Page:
Strengthening animal welfare is a key priority for this Conservative Government

Monday 28th May 2018




Lord John Gardiner, Minister for Animal Welfare

The UK is a nation of animal lovers so it is only right that we have some of the highest welfare standards in the world. Our recent record, raising the bar on standards, speaks for itself.

Both the Prime Minister and the Environment Secretary have been absolute in the government’s commitment to make animal welfare one of our key priorities. From announcing plans to increase maximum prison sentences for animal abusers from six months to five years, to making CCTV mandatory in all slaughterhouses in England, we are taking significant steps to reaffirm our position as a global leader on this issue, and I am incredibly proud to be part of DEFRA during a time when this important cause is at the very heart of what we are doing.

During the last year, we have introduced a series of measures which will make a real difference to the lives of our much loved animals.

Last September, we announced our plans to increase maximum prison sentences tenfold, making sure our courts have the power to hand down some of the strongest punishments in the world to those who commit the most heinous acts of animal cruelty. Just before last Christmas, the Prime Minister announced reforms to pet licensing that will, among other things, make it illegal to sell puppies younger than eight weeks old and ensure puppy sales are completed in the presence of the new owner, with their mothers – preventing online sales where prospective buyers have not seen the animal first.

We also want to make sure that farm animals are treated with the care and respect they deserve. That is why we have announced plans to make CCTV mandatory in all slaughterhouses in England and why we continue to introduce species-specific welfare codes which reflect the very latest veterinary advice. We have already launched an updated code for meat, chickens and, following public consultations, will soon issue new codes for laying hens and pigs.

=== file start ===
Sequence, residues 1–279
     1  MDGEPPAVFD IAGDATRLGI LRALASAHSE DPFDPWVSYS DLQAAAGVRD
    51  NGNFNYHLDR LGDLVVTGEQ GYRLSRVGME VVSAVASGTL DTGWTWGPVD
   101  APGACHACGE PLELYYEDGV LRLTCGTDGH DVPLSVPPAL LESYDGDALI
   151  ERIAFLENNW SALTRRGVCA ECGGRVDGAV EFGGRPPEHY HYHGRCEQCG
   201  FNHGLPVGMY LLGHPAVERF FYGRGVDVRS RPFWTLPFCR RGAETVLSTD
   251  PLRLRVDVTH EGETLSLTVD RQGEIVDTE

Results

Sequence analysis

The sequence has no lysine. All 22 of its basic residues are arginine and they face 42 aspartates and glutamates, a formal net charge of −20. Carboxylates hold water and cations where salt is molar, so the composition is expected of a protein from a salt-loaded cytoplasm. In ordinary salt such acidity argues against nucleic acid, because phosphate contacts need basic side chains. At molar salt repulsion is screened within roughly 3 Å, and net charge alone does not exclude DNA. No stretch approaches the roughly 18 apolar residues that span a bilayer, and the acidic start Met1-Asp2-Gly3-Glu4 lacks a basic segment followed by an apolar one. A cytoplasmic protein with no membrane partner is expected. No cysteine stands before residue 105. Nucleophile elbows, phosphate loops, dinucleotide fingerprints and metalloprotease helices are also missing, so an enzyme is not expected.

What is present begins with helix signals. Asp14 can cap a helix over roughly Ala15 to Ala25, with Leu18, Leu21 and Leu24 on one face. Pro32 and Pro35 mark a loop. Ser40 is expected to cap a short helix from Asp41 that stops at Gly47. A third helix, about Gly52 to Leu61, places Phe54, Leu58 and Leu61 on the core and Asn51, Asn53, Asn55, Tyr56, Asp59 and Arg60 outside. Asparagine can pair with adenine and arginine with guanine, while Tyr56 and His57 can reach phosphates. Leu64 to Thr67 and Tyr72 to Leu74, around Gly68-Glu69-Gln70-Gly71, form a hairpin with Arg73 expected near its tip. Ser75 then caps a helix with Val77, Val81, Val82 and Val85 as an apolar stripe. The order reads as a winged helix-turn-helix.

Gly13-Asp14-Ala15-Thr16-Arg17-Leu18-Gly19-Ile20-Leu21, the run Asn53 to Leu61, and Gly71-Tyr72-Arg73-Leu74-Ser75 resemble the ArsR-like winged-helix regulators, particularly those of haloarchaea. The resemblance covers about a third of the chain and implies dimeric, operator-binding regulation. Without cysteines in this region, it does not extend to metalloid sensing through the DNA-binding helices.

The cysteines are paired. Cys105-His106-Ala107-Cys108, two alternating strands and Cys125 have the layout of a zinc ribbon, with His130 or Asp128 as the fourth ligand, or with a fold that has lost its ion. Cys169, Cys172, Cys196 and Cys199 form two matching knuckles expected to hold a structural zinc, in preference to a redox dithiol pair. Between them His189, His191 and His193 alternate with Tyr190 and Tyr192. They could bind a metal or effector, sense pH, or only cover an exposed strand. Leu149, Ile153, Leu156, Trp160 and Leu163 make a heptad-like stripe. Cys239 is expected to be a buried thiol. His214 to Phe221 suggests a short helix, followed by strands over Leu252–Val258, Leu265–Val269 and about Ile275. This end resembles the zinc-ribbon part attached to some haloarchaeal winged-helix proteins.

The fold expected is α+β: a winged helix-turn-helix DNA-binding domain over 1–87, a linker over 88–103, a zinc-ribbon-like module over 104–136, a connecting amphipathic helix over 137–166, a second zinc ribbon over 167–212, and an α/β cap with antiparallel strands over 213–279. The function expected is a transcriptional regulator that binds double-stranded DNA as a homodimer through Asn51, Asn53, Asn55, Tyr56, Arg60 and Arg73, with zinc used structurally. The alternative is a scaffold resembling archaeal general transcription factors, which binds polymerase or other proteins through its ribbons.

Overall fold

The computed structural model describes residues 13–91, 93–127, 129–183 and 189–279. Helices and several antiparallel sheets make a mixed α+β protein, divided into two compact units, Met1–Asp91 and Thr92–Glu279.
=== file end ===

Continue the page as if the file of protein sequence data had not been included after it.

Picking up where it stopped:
But there is still much to do and, as we leave the European Union, we will shape future animal welfare policy to ensure the highest standards in every area, from household pets to farming.

We have already confirmed that animals will be explicitly recognised as sentient beings in domestic law, meaning that animals will definitely not have fewer protections once we leave the EU, but I want to make sure that we go further.

While in the EU, we have often led by example on animal welfare. We banned sow stalls in 1999, leading the way for the EU-wide ban which followed in 2013. In 1990, we stopped the cruel practice of keeping calves in close-confinement crates, and, in 2007, we were a driving force behind the EU ban on veal crates. The UK was also a key player in negotiating for improved standards on rules for laying hens, leading to the EU-wide ban on eggs from battery-farmed hens in 2012.

But our strong track record on animal welfare stretches back centuries, long before we became members of the EU. We were the first country in the world to legislate to protect animals, passing an Act to prevent the cruel and improper treatment of cattle in 1822, and there is much more we can achieve once we leave.

Brexit provides an opportunity to review the way pet travel movements into the UK are regulated to crack down on abuses of the current system; for example, by raising the minimum age of incoming puppies to six months, whilst retaining the benefits of being able to easily take your pet on holiday, which thousands of owners currently enjoy.

Outside of the EU, we can also take action to control exports of live farm animals for slaughter.

We will continue to enhance our reputation as a world-leader on animal welfare, and I can assure you that we will make a Green Brexit work not just for the people of the UK but for the animals we love and cherish, too.

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